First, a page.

The language around migration in many western countries have been weaponised with terms such as the “Immigrant Crisis” and is used to instil fear of migrants entering the country – leaving the asylum seeker and refugee communities stigmatised and painted with the same brush.
Currently, Glasgow is the only local authority area in Scotland which receive asylum seekers. Long periods of destitution, isolation and dormancy are experienced by the displaced – all of which were heightened this year due to the pandemic. These long periods could last anywhere between 6 months to 3 years while they wait to receive an answer from the Home Office regarding their application. While asylum seeker housing and where they are placed is an issue bound to policies and legislations, how can architecture play a role in developing and making most out of their time here in Glasgow?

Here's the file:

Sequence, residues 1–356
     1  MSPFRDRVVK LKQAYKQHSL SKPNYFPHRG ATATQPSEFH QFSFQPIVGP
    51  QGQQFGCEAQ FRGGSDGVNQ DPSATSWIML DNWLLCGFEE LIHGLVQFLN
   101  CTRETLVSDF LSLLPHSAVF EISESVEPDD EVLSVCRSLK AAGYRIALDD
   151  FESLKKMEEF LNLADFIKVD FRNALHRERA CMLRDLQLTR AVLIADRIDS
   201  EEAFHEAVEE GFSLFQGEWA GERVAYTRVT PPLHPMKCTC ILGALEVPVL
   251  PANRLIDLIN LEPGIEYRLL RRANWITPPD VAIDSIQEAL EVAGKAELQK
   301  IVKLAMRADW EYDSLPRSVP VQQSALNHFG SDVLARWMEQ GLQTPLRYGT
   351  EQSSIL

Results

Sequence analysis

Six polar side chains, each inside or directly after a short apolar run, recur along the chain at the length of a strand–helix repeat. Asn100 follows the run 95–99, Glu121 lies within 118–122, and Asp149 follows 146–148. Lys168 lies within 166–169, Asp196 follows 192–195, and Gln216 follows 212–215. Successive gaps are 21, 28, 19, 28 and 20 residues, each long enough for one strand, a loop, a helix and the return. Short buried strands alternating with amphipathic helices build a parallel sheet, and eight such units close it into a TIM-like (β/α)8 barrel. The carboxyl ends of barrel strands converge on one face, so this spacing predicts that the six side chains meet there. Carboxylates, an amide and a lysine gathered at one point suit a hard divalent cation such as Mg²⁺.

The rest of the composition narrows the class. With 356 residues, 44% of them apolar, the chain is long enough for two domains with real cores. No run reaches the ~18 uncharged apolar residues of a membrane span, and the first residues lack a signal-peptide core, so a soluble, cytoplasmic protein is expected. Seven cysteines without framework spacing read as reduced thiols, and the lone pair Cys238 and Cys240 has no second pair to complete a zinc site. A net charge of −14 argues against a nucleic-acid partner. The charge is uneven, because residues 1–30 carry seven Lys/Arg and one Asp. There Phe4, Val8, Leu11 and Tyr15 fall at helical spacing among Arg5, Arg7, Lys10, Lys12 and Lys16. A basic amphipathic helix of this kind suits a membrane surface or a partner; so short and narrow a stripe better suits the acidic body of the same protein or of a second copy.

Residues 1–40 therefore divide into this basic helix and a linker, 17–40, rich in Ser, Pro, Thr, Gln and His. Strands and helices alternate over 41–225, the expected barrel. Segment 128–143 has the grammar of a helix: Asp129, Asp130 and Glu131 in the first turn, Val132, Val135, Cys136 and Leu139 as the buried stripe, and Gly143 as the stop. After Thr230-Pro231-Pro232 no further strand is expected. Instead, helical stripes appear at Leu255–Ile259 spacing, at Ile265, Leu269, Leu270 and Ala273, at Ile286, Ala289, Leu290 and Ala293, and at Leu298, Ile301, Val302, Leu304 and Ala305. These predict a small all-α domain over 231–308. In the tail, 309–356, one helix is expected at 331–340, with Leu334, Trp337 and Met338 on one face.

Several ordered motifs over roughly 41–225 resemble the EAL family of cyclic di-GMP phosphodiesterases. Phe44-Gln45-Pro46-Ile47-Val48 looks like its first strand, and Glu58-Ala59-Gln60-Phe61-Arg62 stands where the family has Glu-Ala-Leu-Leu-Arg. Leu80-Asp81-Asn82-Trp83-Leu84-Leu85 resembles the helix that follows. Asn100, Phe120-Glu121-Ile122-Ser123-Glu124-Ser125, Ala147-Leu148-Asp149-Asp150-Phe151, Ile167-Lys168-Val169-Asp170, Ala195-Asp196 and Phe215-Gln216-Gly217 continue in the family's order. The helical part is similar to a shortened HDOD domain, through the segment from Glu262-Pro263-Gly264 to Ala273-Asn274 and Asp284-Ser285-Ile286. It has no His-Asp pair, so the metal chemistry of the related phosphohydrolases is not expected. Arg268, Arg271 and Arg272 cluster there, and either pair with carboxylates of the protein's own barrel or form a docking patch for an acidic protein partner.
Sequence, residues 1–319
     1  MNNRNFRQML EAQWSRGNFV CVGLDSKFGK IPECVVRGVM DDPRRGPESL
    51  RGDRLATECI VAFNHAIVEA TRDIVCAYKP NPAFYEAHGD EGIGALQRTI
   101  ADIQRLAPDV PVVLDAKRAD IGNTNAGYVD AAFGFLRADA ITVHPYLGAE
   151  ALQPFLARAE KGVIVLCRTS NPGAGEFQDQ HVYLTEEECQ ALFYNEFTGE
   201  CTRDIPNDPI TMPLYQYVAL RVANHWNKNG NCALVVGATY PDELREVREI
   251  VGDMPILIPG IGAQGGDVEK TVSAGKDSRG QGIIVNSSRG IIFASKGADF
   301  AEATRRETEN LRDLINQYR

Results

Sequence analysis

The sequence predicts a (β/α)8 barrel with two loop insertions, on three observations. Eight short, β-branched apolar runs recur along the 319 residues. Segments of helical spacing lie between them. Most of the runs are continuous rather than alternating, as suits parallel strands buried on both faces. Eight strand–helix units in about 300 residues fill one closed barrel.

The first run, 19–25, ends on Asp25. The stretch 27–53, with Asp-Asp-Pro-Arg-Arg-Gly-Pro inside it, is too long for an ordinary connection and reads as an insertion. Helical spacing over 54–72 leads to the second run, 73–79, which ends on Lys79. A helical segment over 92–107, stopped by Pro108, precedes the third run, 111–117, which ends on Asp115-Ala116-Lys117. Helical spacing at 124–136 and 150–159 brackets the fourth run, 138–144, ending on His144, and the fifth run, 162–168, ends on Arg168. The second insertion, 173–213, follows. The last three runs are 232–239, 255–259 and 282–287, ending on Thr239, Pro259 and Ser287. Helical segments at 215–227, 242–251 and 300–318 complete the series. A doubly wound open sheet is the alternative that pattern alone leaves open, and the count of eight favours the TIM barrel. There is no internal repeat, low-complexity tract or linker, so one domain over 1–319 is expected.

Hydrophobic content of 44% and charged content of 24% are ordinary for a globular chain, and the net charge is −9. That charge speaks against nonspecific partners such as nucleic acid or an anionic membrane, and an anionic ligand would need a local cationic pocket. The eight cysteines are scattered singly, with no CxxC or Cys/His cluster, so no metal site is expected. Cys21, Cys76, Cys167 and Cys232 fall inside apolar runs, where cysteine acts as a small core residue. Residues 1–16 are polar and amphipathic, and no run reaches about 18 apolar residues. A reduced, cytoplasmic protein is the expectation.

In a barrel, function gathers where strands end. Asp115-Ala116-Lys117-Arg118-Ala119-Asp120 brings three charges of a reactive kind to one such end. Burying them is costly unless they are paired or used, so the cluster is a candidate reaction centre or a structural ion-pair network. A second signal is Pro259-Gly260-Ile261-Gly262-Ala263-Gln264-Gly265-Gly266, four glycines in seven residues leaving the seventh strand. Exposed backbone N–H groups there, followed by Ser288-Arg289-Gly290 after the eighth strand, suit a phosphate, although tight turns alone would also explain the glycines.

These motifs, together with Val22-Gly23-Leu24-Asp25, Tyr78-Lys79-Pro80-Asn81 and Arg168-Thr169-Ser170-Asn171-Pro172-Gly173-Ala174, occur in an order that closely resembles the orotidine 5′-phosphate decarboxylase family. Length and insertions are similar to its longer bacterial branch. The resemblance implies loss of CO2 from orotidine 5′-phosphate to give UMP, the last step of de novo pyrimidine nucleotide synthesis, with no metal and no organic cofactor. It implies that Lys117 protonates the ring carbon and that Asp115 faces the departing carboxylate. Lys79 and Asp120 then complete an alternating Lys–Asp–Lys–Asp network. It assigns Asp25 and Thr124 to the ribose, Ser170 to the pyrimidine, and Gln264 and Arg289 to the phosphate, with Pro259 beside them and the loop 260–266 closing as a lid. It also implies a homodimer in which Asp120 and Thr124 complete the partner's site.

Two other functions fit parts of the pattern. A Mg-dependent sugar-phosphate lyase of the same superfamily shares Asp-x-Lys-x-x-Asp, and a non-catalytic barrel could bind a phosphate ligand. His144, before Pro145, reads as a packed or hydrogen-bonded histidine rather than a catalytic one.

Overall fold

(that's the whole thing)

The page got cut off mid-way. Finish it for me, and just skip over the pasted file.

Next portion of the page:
This thesis aims to utilise architecture as an active platform by providing a series of buildings and spaces that function autonomously but are connected in their architectural form. The programme works to support this by prescribing a dual function. Firstly being a centre for advocacy to give agency to these communities. Second, it works as a free space for anyone to use. This in turn creates an open, transparent programme of spaces.
The architecture will facilitate personal and collective responses through arts and culture, challenging the status quo which include misrepresentation of these communities and migration by the media. These voices are manifested through a necklace of community projects which engage the with the public forming a series of follies as identity-creating factors within the grounds and along the river giving visibility to their presence, skills, culture and stories.